Ten Things Resellers Should Know about Email ArchivingSource: Business Solutions Magazine
Written by: Dave Hunt, founder and CEO of C2C SystemsAsk any solution provider about the value their customers place on email, and it will be abundantly clear that email is not just a communication tool but also a cache of knowledge about their business. The typical reasons to implement email archiving are capacity management to reduce the storage demands of the email system on IT resources; compliance with laws like Sarbanes-Oxley, HIPAA and SEC that dictate what data must be kept and for how long; legal discoverability to comply with FRCP rules, Freedom of Information Act, or similar laws; and retention management to define when email can or must be permanently deleted from the system.
No company that is a heavy user of email can possibly keep up with the management of its own mailboxes, at least not without wasting valuable working hours. It is doubtful that even a medium user can maintain their load. The volumes are too great and the nature of certain email is too critical. Below are ten points to consider when selling and creating an email archiving strategy for your customers. (Although many of these relate to Exchange servers, the principles can apply to most environments.)
1. Address current needs, but project for future growth
When calculating capacity requirements, consider existing Exchange database storage as well as PST data that may be saved on employee desktops. Research shows email system growth to be around 40% annually as both the quantity and the size of emails increases. With an email archiving system, storage demand should decrease, not increase, over time, provided the product is able to use primary and secondary storage. (You don't want to be forced to un-archive everything and then move to a new platform down the line.)
2. Remove unnecessary data before archiving
This can be likened to cleaning out your closets or your garage before you pack up and move to a new house. It saves time, money, effort, and space to edit and purge first. Unnecessary data should be removed instead of placing it into the archives.
3. Consider supporting needs
Email archiving may create additional requirements depending on the customer environment. Desktop updates need to be packaged and deployed, additional hardware may need to be installed and maintained, storage must be provisioned, a laptop support strategy should be developed, and for Exchange servers, a PST process strategy should be defined.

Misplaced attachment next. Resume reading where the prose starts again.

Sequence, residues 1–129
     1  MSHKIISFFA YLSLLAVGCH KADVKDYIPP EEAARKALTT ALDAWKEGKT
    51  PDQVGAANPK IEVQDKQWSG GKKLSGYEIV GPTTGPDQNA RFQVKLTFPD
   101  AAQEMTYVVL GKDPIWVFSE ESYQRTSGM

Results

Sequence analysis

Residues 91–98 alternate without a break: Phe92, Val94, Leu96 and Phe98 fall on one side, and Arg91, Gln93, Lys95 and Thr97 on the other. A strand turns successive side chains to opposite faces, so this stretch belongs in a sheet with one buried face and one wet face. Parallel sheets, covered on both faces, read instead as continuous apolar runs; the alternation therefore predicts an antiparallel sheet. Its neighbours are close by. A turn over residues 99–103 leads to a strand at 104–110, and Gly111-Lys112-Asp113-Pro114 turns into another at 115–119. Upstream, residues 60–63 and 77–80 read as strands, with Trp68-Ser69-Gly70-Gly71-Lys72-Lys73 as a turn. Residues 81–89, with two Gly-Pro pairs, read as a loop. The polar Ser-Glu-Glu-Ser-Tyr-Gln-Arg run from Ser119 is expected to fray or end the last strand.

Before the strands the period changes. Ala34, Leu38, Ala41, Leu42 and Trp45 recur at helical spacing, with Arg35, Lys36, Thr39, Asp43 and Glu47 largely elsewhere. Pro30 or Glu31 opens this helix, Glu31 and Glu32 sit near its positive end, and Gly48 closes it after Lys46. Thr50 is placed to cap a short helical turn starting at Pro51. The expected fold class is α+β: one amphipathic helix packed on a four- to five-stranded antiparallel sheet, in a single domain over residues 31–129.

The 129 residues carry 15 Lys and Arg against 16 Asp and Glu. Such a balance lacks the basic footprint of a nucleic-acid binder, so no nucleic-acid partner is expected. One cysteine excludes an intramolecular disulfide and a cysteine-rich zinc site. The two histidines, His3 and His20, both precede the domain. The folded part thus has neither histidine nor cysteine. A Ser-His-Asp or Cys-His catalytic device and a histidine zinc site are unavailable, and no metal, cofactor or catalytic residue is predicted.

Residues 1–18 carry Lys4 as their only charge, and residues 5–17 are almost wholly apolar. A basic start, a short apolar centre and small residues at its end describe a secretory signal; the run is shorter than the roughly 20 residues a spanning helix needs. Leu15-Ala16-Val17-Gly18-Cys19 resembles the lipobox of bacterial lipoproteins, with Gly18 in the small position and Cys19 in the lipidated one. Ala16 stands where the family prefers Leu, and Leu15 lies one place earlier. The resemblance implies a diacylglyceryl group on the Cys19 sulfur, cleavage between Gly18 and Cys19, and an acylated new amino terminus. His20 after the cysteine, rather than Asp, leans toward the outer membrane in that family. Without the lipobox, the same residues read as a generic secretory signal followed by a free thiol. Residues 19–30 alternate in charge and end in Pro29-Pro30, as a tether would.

4. Set up access controls and policies
Keep the number of administrative operators to a minimum to avoid excessive complexity and increase security. Since email archiving provides additional search, discovery and retention capabilities, the customer may need to review and update their e-policy and communicate it to the appropriate personnel and departments. The customer’s legal department can offer guidance for data retention and access, which may be governed by regulatory requirements.
5. Manage the pilot phase
Roll out the solution departmentally to a cross-section of users. IT and technical staff may be included in the rollout, but they tend to resolve issues directly rather than report them. Allow for fine-tuning based on the experiences of the users.
6. Manage expectations
Recovery of archived emails is likely to take a little more time than emails located on the primary server. If it has taken your customer 5 to 10 years to amass the email, it isn’t going to be archived overnight. It is wise to set the expectation that ‘some delay’ could be experienced in the initial phase of the project and focus on the positive impact on the employee, such as remote access to archived emails and the system’s ability to handle ever-larger files including moving images and voice messages. Very little end user training should be required.
7. Assess the impact on servers, especially Exchange servers
The Exchange server system performance and loading profile should improve with the introduction of an archiving solution. Archiving is generally noncritical, so any heavy processing can be done overnight or when the server is most idle.
8. Assess the impact on storage
If archive repositories are stored in traditional drive arrays, storage performance is typically not an issue, assuming that hosting hardware is not overloaded. When archives are stored on subsystems such as DVD jukeboxes, make sure data throughput reflects a sustainable, acceptable performance.
9. Consider recovery SLAs
Over time, an Exchange server’s storage requirements will change. For best recovery, a strategy will need to be formulated that considers the impact of performing a recovery operation and any subsequent adjustments to the server’s performance profile.
10. Back up the archive
Disk-based repositories for archived data need to be included in the backup routine as soon as the solution is on-line. Archive repositories that are compliant with common data replication solutions make it simple to configure a secondary disaster recovery location.
Dave Hunt, founder and CEO of C2C Systems, has more than 20 years of email management expertise. Hunt established C2C in 1992 with a vision to help IT managers and businesses solve message system problems, from evangelizing the concept of practicing email management in the first place to meeting performance and security goals. He helped lead the European Electronic Messaging Association during the ’80s and ’90s and his work consulting and helping IT managers solve their email issues has taken him throughout the world, including Europe, the U.S., South Africa, Australia and New Zealand.